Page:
But the need is clear. These gadgets, these painted sheets, these displays, show a need for a more vital spirit. Someone must draw out of the Corps the latent power of its real spirit. I say that that someone is first, each cadet himself, and then each man as a leader. We do not seek twenty-five hundred sprited horses, we want, on this Saturday, a Notre Dame-crushing, 2500 Mule Team!

(Mace smashes down)

Yes, I hear your roar. I hear the noise at this rally tonight but I wonder. HOW MANY RALLIES DO YOU SUPPOSE WERE HELD IN KOREA TO INSPIRE IN AMERICANS THE WILL TO WIN? I hope you see that spirit is not laughter, spirit is not a groan, perhaps spirit is not even a roar.

But I did not come here under false flag, to chide or criticize. I came here to draw out of you the utmost of your effort to put down Notre Dame Saturday. Listen now as you have never listened before. Listen now to a Ghost Story that ought to make you shudder, in order to steel your hearts.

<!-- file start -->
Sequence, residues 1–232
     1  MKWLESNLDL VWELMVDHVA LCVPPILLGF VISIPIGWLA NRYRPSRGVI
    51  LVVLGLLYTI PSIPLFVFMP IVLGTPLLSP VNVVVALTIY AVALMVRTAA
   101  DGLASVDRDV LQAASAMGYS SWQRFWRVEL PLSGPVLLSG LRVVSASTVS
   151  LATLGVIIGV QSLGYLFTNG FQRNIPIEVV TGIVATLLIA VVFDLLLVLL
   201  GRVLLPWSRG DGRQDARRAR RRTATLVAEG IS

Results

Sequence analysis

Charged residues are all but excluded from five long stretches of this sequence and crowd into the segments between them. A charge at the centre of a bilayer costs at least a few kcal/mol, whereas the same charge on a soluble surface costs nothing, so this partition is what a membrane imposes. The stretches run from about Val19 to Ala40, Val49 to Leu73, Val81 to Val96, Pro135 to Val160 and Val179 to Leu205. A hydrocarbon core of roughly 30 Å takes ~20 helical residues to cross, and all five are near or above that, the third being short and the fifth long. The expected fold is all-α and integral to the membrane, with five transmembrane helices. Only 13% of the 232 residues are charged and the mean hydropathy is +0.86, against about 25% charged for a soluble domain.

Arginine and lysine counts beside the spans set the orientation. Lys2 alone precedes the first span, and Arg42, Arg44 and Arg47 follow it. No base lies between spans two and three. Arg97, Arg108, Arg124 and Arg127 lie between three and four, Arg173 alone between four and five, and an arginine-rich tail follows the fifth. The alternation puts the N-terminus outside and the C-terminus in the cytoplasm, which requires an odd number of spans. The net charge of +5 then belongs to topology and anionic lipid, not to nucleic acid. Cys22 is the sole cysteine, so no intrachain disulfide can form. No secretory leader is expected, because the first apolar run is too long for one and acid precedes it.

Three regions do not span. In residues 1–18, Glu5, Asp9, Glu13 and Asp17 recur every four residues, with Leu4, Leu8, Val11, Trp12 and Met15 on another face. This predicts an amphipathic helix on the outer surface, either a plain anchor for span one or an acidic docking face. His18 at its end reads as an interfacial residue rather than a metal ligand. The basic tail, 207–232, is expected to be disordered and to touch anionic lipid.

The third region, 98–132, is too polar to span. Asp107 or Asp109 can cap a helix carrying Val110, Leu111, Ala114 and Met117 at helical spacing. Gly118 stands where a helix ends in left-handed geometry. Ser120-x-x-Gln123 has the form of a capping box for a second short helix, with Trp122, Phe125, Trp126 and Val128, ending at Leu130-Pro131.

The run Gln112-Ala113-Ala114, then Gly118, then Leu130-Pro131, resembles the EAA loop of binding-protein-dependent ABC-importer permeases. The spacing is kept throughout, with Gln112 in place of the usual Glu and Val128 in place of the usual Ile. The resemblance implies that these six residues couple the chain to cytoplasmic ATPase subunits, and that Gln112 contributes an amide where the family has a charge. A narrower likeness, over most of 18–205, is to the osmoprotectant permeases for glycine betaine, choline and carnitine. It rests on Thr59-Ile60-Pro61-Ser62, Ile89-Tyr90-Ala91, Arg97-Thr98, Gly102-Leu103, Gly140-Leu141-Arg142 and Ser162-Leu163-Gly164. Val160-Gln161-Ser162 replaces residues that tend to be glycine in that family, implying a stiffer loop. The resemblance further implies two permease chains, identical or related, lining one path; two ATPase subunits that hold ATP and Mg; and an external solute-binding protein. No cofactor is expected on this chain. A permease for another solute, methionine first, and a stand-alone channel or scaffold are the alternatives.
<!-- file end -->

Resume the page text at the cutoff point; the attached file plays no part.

It has been ten years since Notre Dame last played Army. Few of you realize what a rude beast you have awakened in South Bend. Few of yourealize the rude beast that is even now slouching toward Philadelphia to be born. Few of you realize that in the darkness I see outside this hall, a great and shadowy Goliath is pacing up and down the black turf waiting for you to venture into the arena.

You have read the newspapers. You have seen the scores of Notre Dame in these past two games, and you see the chances we are accorded, that we are favored. Gentlemen, beware! The writers are remembering, too, and when they favor us over Notre Dame I know they are assuming in us the gigantic show of spirit we have mustered in the past. And I warn you. Only a mighty surge of spirit will beat Notre Dame! I hear remarks about their having the flu. Let me read the headlines in the New York Times from this morning's paper. "Notre Dame Eleven 'Hurt Badly' by Outbreak of Flu, Coach Says." And "Illness Confines 8 Players to Bed." "Brennan Says Notre Dame Won't Be in Top Shape for Army Saturday."